With economic uncertainty on the rise and the legal landscape changing more than ever before, sometimes the most minute of details can mean a different outcome. As demonstrated by the case above, the wording of the rights attached to certain shares led to either a 10% or 20% tax liability on a disposal of shares for over £6 million.



The case concerned the disposal of 396,000 preference shares held by Stephen Warshaw in Cambridge Education Holdings 1 (Jersey) Limited (Company). Mr Warshaw claimed Entrepreneurs’ Relief on the disposal, allowing him to pay capital gains tax at 10% as opposed to 20%. HMRC argued that the preference shares did not amount to “ordinary share capital” and as a result did not entitle Mr Warshaw to the tax relief.

The sole issue between the parties was whether the preference shares held by Mr Warshaw were “ordinary share capital” as defined by s 989 ITA. If they were Mr Warshaw’s total percentage holding would amount to 5.77%, meaning the company would have been Mr Warshaw’s “personal company”, as defined by s 169S(3) TCGA and entitle him to the tax relief. If they were not classed as “ordinary share capital”, Mr Warshaw’s total shareholding would only have amounted to 3.5% and not meet the requirement of 5% required for the company to be classed as his ‘personal company’ and therefore make him liable to the higher 20% tax rate.


The Shares

The preference shares were defined in the Company’s articles of association as “the 10 per cent cumulative preference shares of £0.01 each in the capital of the Company”. Article 2.4(A) goes further and defines the preference dividend as the following “each preference share shall have a right to a fixed cumulative preferential dividend which shall accrue on a daily basis from the dividend commencement date at the rate of 10 per cent per annum on the aggregate of (i) the subscription price of such preference share and (ii) the aggregate amount of preference dividend that has previously compounded on each anniversary of its dividend commencement date to the extent not previously paid”.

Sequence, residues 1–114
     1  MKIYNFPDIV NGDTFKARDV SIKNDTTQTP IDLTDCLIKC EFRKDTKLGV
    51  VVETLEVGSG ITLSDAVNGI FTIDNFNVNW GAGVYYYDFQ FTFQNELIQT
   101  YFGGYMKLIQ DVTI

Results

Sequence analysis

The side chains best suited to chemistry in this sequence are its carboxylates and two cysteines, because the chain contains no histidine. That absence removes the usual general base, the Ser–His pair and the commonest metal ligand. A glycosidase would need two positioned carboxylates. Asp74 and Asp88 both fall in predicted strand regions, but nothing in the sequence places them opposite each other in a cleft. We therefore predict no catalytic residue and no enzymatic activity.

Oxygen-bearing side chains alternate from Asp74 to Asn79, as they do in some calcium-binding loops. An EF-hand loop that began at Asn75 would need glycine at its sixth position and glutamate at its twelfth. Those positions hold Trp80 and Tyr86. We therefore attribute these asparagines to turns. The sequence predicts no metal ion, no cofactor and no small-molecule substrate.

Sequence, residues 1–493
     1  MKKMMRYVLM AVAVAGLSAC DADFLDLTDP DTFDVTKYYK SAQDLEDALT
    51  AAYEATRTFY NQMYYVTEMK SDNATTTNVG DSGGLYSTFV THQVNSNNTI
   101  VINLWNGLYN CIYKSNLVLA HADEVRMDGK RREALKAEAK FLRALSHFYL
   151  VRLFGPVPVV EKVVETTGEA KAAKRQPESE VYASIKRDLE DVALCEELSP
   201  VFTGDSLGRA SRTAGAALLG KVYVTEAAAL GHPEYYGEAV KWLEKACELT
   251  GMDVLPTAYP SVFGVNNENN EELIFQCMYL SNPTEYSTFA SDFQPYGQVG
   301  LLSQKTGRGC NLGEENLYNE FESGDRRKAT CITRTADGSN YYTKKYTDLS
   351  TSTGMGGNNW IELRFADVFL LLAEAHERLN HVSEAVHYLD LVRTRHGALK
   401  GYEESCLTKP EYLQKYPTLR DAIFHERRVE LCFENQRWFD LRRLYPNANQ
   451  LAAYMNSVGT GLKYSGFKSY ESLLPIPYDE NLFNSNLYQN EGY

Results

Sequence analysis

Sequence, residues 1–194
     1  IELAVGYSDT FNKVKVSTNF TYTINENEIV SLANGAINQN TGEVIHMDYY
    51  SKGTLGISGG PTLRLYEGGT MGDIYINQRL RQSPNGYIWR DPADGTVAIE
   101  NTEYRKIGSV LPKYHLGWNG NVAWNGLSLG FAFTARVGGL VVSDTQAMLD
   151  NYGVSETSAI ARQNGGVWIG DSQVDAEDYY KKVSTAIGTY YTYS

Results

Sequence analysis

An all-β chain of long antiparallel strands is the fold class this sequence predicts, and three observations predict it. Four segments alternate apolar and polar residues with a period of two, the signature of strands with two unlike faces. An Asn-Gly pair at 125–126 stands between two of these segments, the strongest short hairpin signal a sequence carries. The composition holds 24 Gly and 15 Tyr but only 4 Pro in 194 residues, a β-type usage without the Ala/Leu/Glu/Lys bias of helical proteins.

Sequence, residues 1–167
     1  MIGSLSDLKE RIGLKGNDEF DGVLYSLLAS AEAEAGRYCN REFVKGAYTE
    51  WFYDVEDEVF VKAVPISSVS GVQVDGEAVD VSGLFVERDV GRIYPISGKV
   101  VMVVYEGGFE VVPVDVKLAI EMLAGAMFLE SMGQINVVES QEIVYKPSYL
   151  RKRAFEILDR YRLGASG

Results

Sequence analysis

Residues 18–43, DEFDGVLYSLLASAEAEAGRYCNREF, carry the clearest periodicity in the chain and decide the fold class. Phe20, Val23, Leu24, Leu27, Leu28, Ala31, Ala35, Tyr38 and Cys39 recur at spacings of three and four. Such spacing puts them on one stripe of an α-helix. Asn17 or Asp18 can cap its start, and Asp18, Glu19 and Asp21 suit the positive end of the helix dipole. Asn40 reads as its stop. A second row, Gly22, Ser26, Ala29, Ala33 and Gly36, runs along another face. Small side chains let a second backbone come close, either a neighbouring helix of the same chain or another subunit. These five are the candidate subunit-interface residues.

Therefore the key definition considered was the definition of “ordinary share capital”. This is defined in s. 989 of the Income Tax Act 2007 as “all the company’s issued share capital, other than capital the holder of which has a right to a dividend at a fixed rate but have no other right to share in the company’s profits”. Therefore, if the preference dividend as defined in the articles gives a right to a dividend at a fixed rate the shares will not be included as ordinary share capital.



As the preference shares were cumulative, if there were insufficient reserves to pay the dividends in respect of those shares in a particular year, payment was deferred to a subsequent year. Therefore, the rate at which the dividend would be paid, 10%, would be calculated on an increased amount. HMRC contended that as the rate at which the dividend was paid remained fixed at 10%, there was a right to a dividend at a fixed rate even if the base in respect of which it was paid (the compounded element) varied. Mr Warshaw, however, argued that because the rate of dividend is calculated by reference to any previous unpaid dividends, the preference shares did not have a right to a dividend at a fixed rate.

The court accepted that the issue is not to be determined on the basis of what dividends actually accrue to those shares or what actually happened but rather depends on the rights accorded to those shares in the Articles of Association. The courts concluded that the relevant question is whether it was possible that dividends would accrue other than at a fixed rate and that in the present case they would. Mr Warshaw’s counsel put to the court that because the rate of dividend is identified by looking at the entire dividend as a proportion of the share capital, i.e. both the percentage element and the compounded amount to which it is applied, the rate is not fixed.

The court ruled in favour of Mr Warshaw and granted his appeal. Agreeing with the previous decision in Tilcon v Holland and the need to take into account both the percentage element and the amount to which it is applied to identify the rate of the dividend. Accordingly, if, as in the present case, at the time the preference shares are issued the Articles of Association provide that only one of these, the percentage element, is fixed and the amount to which that percentage is to be applied may vary, those shares cannot be regarded as having a right to a dividend at a fixed rate and are therefore ordinary share capital as defined by s 989 ITA.

Having concluded that the preference shares held by Mr Warshaw were “ordinary share capital” it follows that the company was Mr Warshaw’s ‘personal company’ and that, as such, he was entitled to entrepreneur’s relief on the disposal of those shares, saving himself from liability to an increased tax bill of £1,158,915.52.



In conclusion, always consider carefully the exact wording and rights attached to any shares that you have for both immediate implications (dividend entitlement) and broader reaching obligations (tax liability on disposal). As of the 29 October 2018, the eligibility for entrepreneur’s relief has narrowed. Entrepreneur’s relief is now only available to individuals who have held their shares for two years or more previous to their intended disposal date highlighting the importance of always seeking professional advice as early as possible to ensure you are in the best position.